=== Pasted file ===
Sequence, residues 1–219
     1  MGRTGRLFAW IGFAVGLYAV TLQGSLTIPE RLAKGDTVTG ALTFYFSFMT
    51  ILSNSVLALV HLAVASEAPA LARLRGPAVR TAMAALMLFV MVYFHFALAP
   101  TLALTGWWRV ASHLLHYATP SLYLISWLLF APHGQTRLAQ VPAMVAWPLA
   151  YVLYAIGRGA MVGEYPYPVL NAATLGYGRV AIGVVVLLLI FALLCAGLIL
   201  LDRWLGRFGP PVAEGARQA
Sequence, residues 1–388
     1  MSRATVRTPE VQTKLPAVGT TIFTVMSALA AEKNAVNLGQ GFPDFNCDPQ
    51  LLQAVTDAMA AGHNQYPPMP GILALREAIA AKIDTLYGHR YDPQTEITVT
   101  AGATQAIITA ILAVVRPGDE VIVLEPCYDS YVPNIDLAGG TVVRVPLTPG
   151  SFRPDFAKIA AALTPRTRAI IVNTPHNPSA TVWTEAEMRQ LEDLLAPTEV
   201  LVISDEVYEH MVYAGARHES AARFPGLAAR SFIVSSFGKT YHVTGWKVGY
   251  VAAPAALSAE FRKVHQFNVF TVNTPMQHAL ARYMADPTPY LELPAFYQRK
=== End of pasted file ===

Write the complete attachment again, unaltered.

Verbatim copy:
Sequence, residues 1–219
     1  MGRTGRLFAW IGFAVGLYAV TLQGSLTIPE RLAKGDTVTG ALTFYFSFMT
    51  ILSNSVLALV HLAVASEAPA LARLRGPAVR TAMAALMLFV MVYFHFALAP
   101  TLALTGWWRV ASHLLHYATP SLYLISWLLF APHGQTRLAQ VPAMVAWPLA
   151  YVLYAIGRGA MVGEYPYPVL NAATLGYGRV AIGVVVLLLI FALLCAGLIL
   201  LDRWLGRFGP PVAEGARQA
Sequence, residues 1–388
     1  MSRATVRTPE VQTKLPAVGT TIFTVMSALA AEKNAVNLGQ GFPDFNCDPQ
    51  LLQAVTDAMA AGHNQYPPMP GILALREAIA AKIDTLYGHR YDPQTEITVT
   101  AGATQAIITA ILAVVRPGDE VIVLEPCYDS YVPNIDLAGG TVVRVPLTPG
   151  SFRPDFAKIA AALTPRTRAI IVNTPHNPSA TVWTEAEMRQ LEDLLAPTEV
   201  LVISDEVYEH MVYAGARHES AARFPGLAAR SFIVSSFGKT YHVTGWKVGY
   251  VAAPAALSAE FRKVHQFNVF TVNTPMQHAL ARYMADPTPY LELPAFYQRK